The pausing of the rules of the economic game is the ultimate proof that the economy is fundamentally political. Certain (neoliberal) economists had us believe that the economy is a force of nature, mostly outside of our volition, and that whatever the emergency (climate change, poverty, biodiversity loss), the laws of the market can never be bent. Wrong. It can, and it has. The responses to the pandemic have shown that capitalism is not divine, and that we need a new way to think about the economy.
Here is a proposition: think of the economy as made of Lego. All rules to organise extraction, production, allocation, consumption, and disposal are social institutions. If social scientists know that “social institution” is a pleonasm (what institution would not be social?), it is worth reminding ourselves that the rules we respect so diligently have all been socially constructed. No rule was written in advance, and no rule will be written forever.
And this is the main point of my recently published PhD dissertation “The Political Economy of Degrowth”: we need to escape from the Game of Growth and design a new game altogether. This requires to understand (1) why is today’s economic system problematic; (2) what alternative systems are available; and (3) how to transition from one to the other.
Let’s get back to the quotation that opened this text, the last words of the introduction of my thesis. “Let me invite you into a wild thought experiment. Imagine that in one year, it will all stop. In precisely 365 days, the economy will come to a halt. Imagine the economy gone and all of us frozen in social time, suspended between the past and the future. A societal time is up. At that point, we will have to anew come to an agreement on how to organise the way we provide for ourselves. What is the good life and how should we go about pursuing it? It will be nothing short of a total re-design of the rules of the economic game.” Right now, I’m afraid that soon, we’ll be back to ‘normal’ and we’ll forget that everything culturally imaginable is economically possible. We must not forget: the economy is just a game and there are more important things in life than money-points. Most importantly, there is a pause button and we should not be afraid to use it.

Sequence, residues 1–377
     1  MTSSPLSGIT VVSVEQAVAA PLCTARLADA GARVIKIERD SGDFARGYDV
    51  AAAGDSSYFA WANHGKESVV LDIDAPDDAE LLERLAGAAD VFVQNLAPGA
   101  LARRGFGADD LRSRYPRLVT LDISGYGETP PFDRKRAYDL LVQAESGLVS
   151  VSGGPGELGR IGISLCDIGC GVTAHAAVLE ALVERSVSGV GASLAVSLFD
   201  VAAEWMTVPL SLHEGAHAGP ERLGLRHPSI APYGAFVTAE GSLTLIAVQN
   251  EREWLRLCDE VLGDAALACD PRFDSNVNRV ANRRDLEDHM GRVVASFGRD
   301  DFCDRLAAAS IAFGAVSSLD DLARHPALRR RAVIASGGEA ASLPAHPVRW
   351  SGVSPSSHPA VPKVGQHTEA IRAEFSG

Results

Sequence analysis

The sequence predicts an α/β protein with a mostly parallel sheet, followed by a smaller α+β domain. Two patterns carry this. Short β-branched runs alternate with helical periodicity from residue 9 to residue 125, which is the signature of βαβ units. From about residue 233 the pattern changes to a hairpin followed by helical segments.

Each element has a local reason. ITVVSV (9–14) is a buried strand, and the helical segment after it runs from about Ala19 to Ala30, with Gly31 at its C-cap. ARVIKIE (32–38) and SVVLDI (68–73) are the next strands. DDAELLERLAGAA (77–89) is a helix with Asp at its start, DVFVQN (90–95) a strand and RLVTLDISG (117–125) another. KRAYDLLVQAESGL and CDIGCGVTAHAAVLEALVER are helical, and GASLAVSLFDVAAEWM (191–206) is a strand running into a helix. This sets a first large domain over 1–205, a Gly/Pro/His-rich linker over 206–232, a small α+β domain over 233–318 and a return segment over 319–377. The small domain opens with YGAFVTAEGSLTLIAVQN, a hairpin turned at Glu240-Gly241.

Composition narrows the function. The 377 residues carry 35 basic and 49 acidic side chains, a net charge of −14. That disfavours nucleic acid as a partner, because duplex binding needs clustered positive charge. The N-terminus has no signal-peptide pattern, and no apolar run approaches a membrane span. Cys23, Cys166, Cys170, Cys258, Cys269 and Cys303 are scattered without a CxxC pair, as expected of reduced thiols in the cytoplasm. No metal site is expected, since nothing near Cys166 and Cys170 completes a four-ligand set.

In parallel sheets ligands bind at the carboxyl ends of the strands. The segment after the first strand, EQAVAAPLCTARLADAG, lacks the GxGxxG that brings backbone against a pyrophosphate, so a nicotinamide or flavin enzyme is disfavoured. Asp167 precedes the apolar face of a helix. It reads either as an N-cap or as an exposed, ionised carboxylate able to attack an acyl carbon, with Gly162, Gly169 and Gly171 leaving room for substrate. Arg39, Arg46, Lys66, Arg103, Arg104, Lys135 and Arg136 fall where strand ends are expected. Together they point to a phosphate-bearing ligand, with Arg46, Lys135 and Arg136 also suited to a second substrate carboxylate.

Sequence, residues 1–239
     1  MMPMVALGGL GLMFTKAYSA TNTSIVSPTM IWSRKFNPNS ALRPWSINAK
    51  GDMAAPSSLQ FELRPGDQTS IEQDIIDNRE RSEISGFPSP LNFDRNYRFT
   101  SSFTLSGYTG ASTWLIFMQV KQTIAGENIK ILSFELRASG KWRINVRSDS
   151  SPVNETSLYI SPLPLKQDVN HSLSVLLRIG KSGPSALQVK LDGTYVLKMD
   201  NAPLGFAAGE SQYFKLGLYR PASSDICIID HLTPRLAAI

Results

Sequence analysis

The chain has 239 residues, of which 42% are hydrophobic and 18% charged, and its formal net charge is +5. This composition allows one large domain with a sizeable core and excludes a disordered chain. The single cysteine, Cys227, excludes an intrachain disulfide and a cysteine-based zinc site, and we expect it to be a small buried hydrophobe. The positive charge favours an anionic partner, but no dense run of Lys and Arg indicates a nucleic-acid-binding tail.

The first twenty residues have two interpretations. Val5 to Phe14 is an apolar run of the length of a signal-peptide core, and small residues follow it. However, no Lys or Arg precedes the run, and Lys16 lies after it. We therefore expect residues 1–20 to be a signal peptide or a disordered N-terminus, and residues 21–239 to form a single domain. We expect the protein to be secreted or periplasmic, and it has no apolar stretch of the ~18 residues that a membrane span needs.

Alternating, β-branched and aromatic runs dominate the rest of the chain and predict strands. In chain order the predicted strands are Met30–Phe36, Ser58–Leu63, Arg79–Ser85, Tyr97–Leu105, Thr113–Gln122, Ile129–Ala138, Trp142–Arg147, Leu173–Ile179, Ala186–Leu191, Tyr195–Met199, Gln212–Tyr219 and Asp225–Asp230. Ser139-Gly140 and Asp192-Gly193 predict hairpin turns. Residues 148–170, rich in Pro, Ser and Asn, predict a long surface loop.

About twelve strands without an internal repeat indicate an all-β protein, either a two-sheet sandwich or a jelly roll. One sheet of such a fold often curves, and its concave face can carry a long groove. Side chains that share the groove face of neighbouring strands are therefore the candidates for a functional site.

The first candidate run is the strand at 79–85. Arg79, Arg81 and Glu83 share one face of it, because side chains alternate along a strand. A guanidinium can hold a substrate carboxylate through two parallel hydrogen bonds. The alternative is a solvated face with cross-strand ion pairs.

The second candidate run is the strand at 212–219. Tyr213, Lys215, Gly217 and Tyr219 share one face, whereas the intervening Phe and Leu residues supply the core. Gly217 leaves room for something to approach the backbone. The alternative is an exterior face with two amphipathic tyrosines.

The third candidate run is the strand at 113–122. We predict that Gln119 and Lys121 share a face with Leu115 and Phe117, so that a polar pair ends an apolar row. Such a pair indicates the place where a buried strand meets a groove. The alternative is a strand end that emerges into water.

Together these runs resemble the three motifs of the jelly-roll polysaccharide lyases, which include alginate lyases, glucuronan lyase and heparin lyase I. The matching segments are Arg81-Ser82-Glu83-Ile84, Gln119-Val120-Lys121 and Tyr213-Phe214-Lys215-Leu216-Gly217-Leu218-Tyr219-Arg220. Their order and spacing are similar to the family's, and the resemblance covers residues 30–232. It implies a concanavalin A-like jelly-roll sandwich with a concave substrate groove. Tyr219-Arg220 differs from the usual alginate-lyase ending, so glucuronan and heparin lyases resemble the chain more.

Degrowth must confront the structural lock-ins of capitalism starting with the debt crisis trapping the Global South in poverty and extractivism.
Marxian political economists often criticise Modern Monetary Theory (MMT) for its lack of class analysis. While these critiques are right to point out that MMT has often been presented as the saviour of capitalism and growth, its insights are also of use to those who wish to see an end to capitalism and growth. While many proponents of MMT are not interested in a world beyond capitalism, the theory itself could offer useful tools in this struggle. Indeed, at its heart, MMT formulates the coherent monetary analysis needed by anyone who believes in using State power as a means of dismantling capitalism.
GDP is a flawed guide to prosperity. What else should we measure if we want to do better? “The welfare of a nation can scarcely be inferred from a measurement of national income”. Those were the words of Simon Kuznets, who developed the first national income accounts in the United States. And yet, we look back on decades of appropriating GDP as a measure of social welfare and progress. With t...